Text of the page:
Environmental Group Picks Recycling Company for Pollution 'Award'

Environmental group Life and Environment to give the Black Globe award for companies that harm the environment to E.L.A., the body that controls bottle collection for recycling.

E.L.A., the body that collects bottles for recycling as part of the implementation of the Deposit Law, by definition acts in behalf of environmental protection. But E.L.A. (Isuf l'Maan Hasviva, Collection for the Environment) is slated to receive the embarrassing Black Globe of environmental umbrella group Life and Environment.

The "award" is given to organizations that harm the environment.

E.L.A. was nominated for the "honor" by Adam Teva V'Din (the Israel Union for Environmental Defense), which says that E.L.A. deserves the award because it failed to meet the goal of reclaiming bottles as provided by the law, and is constantly acting to limit these goals, including a public campaign against expansion of the law to include larger bottles. Adam Teva V'Din also characterized E.L.A. as being under the control of crime families and so jeopardizing public support of the entire deposit process.

Nehama Ronen, former director general of the Environment Ministry, who heads E.L.A., is furious and says E.L.A. may take legal steps. "This is an attempt to prevent us from expressing a legitimate opinion that the law should be implemented differently," said Ronen.

E.L.A.'s legal counsel wrote to Life and Environment, saying his client has collected more than 1.5 billion bottles since 2001, thus preventing the disposal of 170,000 tons in garbage dumps. The letter also notes that award of the Black Globe is conducted by a review panel whose composition is unclear, and without having provided E.L.A. the opportunity to present its position.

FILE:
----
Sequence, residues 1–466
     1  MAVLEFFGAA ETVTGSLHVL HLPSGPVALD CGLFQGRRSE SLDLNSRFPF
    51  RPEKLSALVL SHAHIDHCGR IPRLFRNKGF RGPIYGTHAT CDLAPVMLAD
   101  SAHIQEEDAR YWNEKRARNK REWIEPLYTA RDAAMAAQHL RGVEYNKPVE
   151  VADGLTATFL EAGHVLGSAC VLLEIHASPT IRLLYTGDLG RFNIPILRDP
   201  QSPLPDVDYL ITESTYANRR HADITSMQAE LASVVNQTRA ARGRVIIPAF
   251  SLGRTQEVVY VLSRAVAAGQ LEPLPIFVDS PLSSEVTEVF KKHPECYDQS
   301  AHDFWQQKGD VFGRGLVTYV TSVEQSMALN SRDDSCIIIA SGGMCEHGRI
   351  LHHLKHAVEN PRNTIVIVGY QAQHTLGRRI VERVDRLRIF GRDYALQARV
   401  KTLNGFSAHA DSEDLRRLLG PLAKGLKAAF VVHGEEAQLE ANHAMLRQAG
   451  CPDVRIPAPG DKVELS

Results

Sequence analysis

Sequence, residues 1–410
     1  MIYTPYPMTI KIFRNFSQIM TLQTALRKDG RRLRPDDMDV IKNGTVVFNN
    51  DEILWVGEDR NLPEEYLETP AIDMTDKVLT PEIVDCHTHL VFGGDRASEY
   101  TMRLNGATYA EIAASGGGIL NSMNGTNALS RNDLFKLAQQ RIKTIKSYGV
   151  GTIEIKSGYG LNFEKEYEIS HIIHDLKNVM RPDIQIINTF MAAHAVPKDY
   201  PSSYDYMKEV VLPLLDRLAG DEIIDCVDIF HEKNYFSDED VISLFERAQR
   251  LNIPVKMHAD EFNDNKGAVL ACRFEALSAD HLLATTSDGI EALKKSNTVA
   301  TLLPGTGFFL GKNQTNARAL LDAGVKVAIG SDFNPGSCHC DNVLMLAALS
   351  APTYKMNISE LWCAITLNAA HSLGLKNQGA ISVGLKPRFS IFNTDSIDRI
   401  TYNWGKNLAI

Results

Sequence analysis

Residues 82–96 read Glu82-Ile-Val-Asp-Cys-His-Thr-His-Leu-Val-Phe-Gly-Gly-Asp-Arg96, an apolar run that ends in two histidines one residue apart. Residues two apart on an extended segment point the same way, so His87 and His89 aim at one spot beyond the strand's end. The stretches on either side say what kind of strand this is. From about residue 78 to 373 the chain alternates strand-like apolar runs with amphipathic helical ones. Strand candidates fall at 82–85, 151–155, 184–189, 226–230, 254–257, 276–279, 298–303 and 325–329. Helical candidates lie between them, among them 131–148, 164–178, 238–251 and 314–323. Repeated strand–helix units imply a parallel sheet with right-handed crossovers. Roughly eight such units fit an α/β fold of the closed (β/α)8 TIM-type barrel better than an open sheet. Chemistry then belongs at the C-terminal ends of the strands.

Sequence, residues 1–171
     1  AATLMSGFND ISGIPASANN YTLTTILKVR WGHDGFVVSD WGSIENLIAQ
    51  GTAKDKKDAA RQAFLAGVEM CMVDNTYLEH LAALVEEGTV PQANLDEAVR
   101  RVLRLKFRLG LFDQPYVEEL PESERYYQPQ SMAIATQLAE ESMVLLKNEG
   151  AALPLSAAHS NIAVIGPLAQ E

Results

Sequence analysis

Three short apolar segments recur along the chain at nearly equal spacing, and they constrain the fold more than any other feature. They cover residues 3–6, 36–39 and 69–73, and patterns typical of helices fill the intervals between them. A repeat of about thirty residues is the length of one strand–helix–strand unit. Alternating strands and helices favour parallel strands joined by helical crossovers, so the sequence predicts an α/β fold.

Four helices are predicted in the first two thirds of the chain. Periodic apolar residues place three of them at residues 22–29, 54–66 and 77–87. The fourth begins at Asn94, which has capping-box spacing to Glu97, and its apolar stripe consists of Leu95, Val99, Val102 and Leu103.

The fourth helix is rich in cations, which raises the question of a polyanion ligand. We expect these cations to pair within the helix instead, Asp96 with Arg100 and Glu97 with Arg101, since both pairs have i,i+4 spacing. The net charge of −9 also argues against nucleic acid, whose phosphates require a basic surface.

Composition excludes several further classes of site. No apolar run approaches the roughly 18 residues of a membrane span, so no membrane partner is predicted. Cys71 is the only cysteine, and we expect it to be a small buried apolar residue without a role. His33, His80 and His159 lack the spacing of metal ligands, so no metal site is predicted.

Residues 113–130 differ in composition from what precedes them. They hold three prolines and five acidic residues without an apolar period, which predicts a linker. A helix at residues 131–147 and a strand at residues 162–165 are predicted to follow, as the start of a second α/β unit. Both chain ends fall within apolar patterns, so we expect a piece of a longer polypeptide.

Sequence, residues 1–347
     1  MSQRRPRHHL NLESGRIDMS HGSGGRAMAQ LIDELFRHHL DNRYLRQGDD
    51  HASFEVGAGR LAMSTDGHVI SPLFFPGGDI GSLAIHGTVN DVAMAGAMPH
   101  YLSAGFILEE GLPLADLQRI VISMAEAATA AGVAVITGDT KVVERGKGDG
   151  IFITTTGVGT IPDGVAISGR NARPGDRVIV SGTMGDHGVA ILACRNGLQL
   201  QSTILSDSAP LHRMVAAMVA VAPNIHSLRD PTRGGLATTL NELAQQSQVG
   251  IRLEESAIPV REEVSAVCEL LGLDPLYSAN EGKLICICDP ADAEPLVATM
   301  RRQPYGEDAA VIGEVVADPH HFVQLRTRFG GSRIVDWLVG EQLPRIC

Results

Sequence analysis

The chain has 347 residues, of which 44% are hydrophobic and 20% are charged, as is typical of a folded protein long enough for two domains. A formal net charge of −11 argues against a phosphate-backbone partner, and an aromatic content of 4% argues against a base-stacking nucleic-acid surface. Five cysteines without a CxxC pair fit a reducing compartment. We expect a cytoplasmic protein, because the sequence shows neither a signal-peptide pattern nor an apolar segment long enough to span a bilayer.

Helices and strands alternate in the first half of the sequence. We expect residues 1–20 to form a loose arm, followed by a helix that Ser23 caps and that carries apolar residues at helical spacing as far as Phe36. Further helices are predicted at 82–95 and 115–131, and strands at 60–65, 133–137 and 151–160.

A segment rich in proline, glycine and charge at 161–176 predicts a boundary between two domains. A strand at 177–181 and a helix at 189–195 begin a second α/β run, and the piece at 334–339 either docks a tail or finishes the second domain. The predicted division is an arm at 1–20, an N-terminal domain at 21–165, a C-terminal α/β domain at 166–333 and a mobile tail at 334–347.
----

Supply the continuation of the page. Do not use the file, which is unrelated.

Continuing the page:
A spokesman for Life and Environment responded yesterday that "the recycling corporation will be provided the opportunity to respond on stage during the award ceremony. The Black Globe award will be given during the Green Globe award ceremony that will be held to honor Jerusalem Mayor Uri Lupolianski for his efforts to halt the Safdie construction project in western Jerusalem.

The Life and Environment spokesman said the dubious award reflects "the legitimate concerns of public environmental organizations." He added: "This is a foolish attempt to threaten and gag legitimate criticism on an issue that is the subject of lively public debate."